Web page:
How Much Money Should I Be Saving?

How Much Money Should I Be Saving?

“How much should I be saving?” I get asked this question more often than I thought I would, and it always seems to catch me off-guard. The simple answer is, “As much as you can.” Even an additional $10 or $20 a week into a savings account, over a number of years, has astounding impacts to your overall net worth. Due to the power that is compound interest, increasing your savings rate by 1% can help you retire as soon as 2 years earlier had you not.

As a general rule of thumb, for people in their 20’s and 30’s, I’d recommend 25-30% of your take-home income. Now, you may be thinking to yourself, “You’re crazy. That’s not possible.” Well, it is possible, but that’s not to say that it doesn’t come without sacrifices. When it comes down to it, you’re probably able to save a lot more money than you think you can.

Of course it’s difficult to save money. I never said it was easy. Unfortunately, I think this all stems from the fact that it’s “uncool” to save money in our society. People justify it by saying, “Why should I save money if I can’t take it with me when I die?” or “Money was meant to be spent. I want to enjoy life.” Ultimately, what it comes down to is changing your mindset. When you get your paycheck, are you viewing saving as a burden or a blessing?

Saving should never become an afterthought. I hear people say, “I’ll save money if there’s extra left over at the end of the month.” Well, I’ll tell you what — the money never stretches through the entire month. I would venture to say that most people don’t have any left each month, because they spend every cent they make. In fact, they spend more than they make, quite often. When you save your money first, whether that be 5, 10, or even 20% or more, the rest is yours to spend and do what you please.

Really, it comes down to self-control. And I’m not saying that I’m an expert at it by any means. Saving money is hard at first, but it gets easier with time. Trust me. Plus, once you start seeing that savings account grow, you’ll be even more motivated to continue doing so. It’s that same high that you get after working out. It was tough, and you didn’t want to go in the first place, but I’ve never once left the gym telling myself, “Man, that was the worst. I sure regret lifting all those weights.”

Start at $5/day, and slowly work your way up

Even if you make only $20,000 a year, $5 a day is doable. Sure, the majority of your money goes to rent, clothing, insurance, childcare, and all other living expenses. But these are also the same people that I see driving around in $30,000 or $40,000 cars, brand new off the lot. With a small income, it’s definitely going to be hard to get ahead, but it’s possible with self-control.

See, the thing is, it’s not about how much money you make. I’ve known people who make $200,000/year, but they don’t save a single cent of it. They spend it all on a huge house, nice clothes, a fancy car. But on the opposing side, I know families living on $40,000/year, and they’re saving $600-$800 of their income each month. It’s truly not about the gross income, it’s how much you net into your savings account.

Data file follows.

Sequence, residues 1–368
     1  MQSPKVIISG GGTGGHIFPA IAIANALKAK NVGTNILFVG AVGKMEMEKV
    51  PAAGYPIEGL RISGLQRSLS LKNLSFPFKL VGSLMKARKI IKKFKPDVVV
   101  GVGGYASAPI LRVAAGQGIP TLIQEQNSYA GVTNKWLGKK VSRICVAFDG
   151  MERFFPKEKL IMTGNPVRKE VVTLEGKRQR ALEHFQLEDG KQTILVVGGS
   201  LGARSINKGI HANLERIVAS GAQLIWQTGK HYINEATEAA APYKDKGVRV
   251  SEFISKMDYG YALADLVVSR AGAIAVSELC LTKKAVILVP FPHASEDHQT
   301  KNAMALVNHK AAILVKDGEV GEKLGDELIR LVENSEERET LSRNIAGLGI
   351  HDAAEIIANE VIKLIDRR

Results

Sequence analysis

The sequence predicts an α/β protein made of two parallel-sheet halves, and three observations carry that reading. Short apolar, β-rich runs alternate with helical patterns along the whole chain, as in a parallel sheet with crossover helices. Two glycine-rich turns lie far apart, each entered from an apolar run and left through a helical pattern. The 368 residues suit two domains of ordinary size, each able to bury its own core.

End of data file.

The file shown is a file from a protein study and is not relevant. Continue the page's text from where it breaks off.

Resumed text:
Now, I try and be careful with statistics, because you can inflate them however you want by multiplying numbers over a length of time (“Wow! If you save $5/day for 800 years, you’ll have $1.5 million in the bank! Can you believe that!?”). But I feel that this truly helps putting things into perspective. $5 day after 365 days is close to $2,000. If you’re on that $20,000/year income, you’re at 10% of your income! That’s really impressive.

According to this report by the U.S. Census Bureau, the average family income in the United States is $56,512. Depending on what part of the country you live in, this may not stretch as far as it does for others, but even on that scale, you should be able to devote $10-$20/day in savings. At $50,000, even if you can only stick to the $5/day, you’re saving 3% of your income. Start there, and work your way up.

The more you save, the sooner you can retire

Who wants to work their entire life? Wouldn’t you rather be laying on a beach somewhere? I read an article by Mr. Money Mustache a few years ago, and I don’t know why it hit me so hard. But the article simply came down to this: the more you save now, you sooner you can retire.

If you were to save 65% of your income each month, and then maintain that lifestyle for the rest of your life, you could retire in 10 years! 10 years from now! Now, that’s not possible for most people. But the point is, the more you save now, the sooner you’re setting yourself to be financially stable.

He says it better than me, so I’ll quote him:

If you are spending 100% (or more) of your income, you will never be prepared to retire, unless someone else is doing the saving for you (wealthy parents, social security, pension fund, etc.). So your work career will be Infinite.

If you are spending 0% of your income (you live for free somehow), and can maintain this after retirement, you can retire right now. So your working career can be Zero.

Makes sense, right? Basically, your savings rate equates directly to how long you’ll have to work. Personally, I’m shooting for the 35% savings rate. Saving at 35% of your take home pay, and you’ll be able to retire in 25 years. Sounds pretty nice, right?

Conclusion

Your actions have big consequences, and can have lasting affects both for the positive and the negative depending on when you start saving and how much you’re saving. Whether you’re reading this at age 20 or at age 50, start saving if you haven’t already. You’ll thank yourself later.

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